Wednesday, April 13, 2016
Book 26: Also American readers can't handle the word a**hole but are okay with "kneebiter."
Writing humor is hard, and writing scifi humor is harder still, because the moment you put a joke into your scifi book it's going to be compared to Douglas Adams' Hitchhiker books; Year Zero was billed as being similar to, or in the vein of, the Hitchhiker books, and it is, in a sense -- because they are both scifi books with a humorous tone and wacky hijinks. Beyond that, the books aren't really similar; Adams' humor exists on a level higher than any other book I can think of, with the multiple layers of jokes and asides and weird one-offs. There's nothing even half as clever as 'the most grautuitous use of the word Belgium' (which, as an aside, only exists as a phrase in the book for us because Americans are too prudish to let Adams use the word f**k .) But not every book has to be the greatest thing ever in the world to be enjoyable.
Year One is sort of oddly enjoyable; it sounds too specific and on-the-nose to be entertaining: the story revolves around aliens getting exposed to human music (specifically the Welcome Back, Kotter theme song) and being overwhelmed by how great our music is. So overwhelmed that they download, for 40 years, trillions upon trillions of copies spreading around the universe, only to realize one day that because of copyright laws the Earth is now owed something like 300 zillion times the entire wealth of the universe. That sets off a plot that honestly makes very little sense, alternating between proceeding along wholly-expected lines and veering into areas that seem to have no connection to what happened before. The hero is Nick Carter, who shares the name of a Backstreet Boy and the head of his law firm, which case of doubly-mistaken identity causes some aliens to select him as their lawyer to try to negotiate a license for the music, and to do so because a guild of entertainers succeeds in destroying the Earth 'accidentally' to avoid paying up.
Paying too much attention, or maybe too little attention, causes the plot to never quite add up; for example, there's a part at the end where one of the bad guys is insisting on getting the Guild's money back, and unless I'd missed it (I listened on audio) the Guild had never paid money in the story, so that didn't make sense, but it's the kind of story that doesn't really need to make sense. The details of why the aliens love our music so much and how that shapes them, combined with weird technologies and a sort of haphazard stop-and-go to the plot make the book more fun than I would've expected, and there are parts that are flat-out funny or amazing (the scene where Nick fights a group of photophobes in the dark ends in a way that is hilariously off-putting.)
The book occasionally gets a bit too specific about copyright laws; it's almost like it was written in part to be a primer on copyrights, like an infomercial for law clerks or something, but those parts are few and far between. That type of thing is to be expected, I guess: Rob Reid, the author, is a venture capitalist who got his start by founding Listen.com, which then turned into Rhapsody, the first online music streaming site. He founded that back in 2001, which is practically ancient history in Internet years. Shortly before he wrote this book, he gave a TED talk about how much of a sham "Copyright Math" is and argued that fighting music piracy could best be done not by draconian laws but by making it easier and cheaper to get music legally.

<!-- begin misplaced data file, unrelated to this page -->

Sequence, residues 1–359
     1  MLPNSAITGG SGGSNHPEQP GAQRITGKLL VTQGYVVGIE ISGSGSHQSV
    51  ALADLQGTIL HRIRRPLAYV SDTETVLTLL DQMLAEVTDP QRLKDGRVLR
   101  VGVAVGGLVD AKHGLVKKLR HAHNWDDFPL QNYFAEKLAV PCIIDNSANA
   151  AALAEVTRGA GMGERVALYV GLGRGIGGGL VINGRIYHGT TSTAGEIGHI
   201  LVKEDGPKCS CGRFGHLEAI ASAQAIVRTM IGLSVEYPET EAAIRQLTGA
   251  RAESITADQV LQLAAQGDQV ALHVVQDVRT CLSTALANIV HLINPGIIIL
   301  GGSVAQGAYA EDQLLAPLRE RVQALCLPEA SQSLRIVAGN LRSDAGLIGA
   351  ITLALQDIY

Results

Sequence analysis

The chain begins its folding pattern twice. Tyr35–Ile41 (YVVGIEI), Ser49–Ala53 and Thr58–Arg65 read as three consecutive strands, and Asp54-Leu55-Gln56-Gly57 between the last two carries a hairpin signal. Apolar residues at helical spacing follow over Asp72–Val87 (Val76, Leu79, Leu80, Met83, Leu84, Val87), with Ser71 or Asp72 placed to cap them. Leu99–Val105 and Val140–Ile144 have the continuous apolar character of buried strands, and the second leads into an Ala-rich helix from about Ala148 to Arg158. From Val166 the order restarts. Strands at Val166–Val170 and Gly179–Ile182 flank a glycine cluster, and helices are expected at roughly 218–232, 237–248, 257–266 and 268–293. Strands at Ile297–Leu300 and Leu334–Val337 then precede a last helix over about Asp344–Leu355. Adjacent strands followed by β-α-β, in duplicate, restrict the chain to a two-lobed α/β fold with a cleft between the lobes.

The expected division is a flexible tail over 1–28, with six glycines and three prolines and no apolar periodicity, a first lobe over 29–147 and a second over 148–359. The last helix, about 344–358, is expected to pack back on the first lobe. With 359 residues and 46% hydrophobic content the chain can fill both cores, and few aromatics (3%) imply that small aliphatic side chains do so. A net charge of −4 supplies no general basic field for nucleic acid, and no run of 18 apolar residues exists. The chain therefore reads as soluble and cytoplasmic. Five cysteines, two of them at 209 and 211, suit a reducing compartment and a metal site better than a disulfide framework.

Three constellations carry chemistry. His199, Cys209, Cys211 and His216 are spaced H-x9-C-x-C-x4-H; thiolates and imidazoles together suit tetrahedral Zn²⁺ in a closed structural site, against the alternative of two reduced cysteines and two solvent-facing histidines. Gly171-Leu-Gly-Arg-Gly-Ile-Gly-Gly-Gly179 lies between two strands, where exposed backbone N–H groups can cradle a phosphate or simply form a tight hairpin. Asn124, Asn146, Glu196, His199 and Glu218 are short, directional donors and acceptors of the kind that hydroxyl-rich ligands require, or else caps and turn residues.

(Copyright laws, which I only know a little bit about, are a debatable bit of public legislation. Every country signatory to a treaty from the 19th century is required to protect copyrights for the life of the author plus at least 50 years. In 1998, the US extended this for most works to 75 years after the author's death. This was done, they said, to match European laws and to 'stimulate creativity,' the thinking being that nobody would bother to create something if they couldn't protect it for their entire life plus another lifetime after that. I think that's open to question. My own position is that copyright should be minimal -- maybe 5 or 10 years-- and that after that, anyone could use something created by someone else but they would have to share profits, providing 75% of the profits to the original creator during the creator's lifetime. That way, anyone could now (for example) use Luke Skywalker in their own books, movies, etc., but 75% of all the money earned would go to... Disney, I guess. So the incentive would be to create your own things, or to create some spinoff that's so wildly popular that you don't mind giving up 75% of the dough. Imagine, though: my system would mean Harry Potter would be fair game for everyone, which sounds weird to people, probably, but remember that 'Fifty Shades Of Gray' first began as a Twilight-fanfic, with the characters renamed. Everyone knows that's how it came to be, but because she changed a few details of the characters, Fifty Shades was allowed to exist.)
To be honest, I only listened to Year Zero because it was available and the books I really wanted weren't, but it hooked me pretty fast and I enjoyed it. I'd give it a solid three out of five; don't go out of your way to read it but if you like Hitchhiker or other sort of silly scifi you'll probably enjoy this.